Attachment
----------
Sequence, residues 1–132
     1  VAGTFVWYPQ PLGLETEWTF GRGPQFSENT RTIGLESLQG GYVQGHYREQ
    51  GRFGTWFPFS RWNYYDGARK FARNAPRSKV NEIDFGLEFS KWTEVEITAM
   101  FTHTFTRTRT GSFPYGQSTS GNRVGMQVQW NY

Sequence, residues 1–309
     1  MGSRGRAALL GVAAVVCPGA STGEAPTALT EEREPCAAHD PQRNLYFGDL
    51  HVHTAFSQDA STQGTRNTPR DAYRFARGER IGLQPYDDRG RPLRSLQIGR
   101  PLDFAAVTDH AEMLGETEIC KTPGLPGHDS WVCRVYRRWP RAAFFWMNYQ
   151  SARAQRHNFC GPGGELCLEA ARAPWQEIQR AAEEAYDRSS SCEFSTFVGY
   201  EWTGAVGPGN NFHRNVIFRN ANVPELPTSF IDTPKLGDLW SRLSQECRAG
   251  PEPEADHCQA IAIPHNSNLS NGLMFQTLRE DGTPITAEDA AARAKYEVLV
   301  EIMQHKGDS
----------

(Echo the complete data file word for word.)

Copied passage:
Sequence, residues 1–132
     1  VAGTFVWYPQ PLGLETEWTF GRGPQFSENT RTIGLESLQG GYVQGHYREQ
    51  GRFGTWFPFS RWNYYDGARK FARNAPRSKV NEIDFGLEFS KWTEVEITAM
   101  FTHTFTRTRT GSFPYGQSTS GNRVGMQVQW NY

Sequence, residues 1–309
     1  MGSRGRAALL GVAAVVCPGA STGEAPTALT EEREPCAAHD PQRNLYFGDL
    51  HVHTAFSQDA STQGTRNTPR DAYRFARGER IGLQPYDDRG RPLRSLQIGR
   101  PLDFAAVTDH AEMLGETEIC KTPGLPGHDS WVCRVYRRWP RAAFFWMNYQ
   151  SARAQRHNFC GPGGELCLEA ARAPWQEIQR AAEEAYDRSS SCEFSTFVGY
   201  EWTGAVGPGN NFHRNVIFRN ANVPELPTSF IDTPKLGDLW SRLSQECRAG
   251  PEPEADHCQA IAIPHNSNLS NGLMFQTLRE DGTPITAEDA AARAKYEVLV
   301  EIMQHKGDS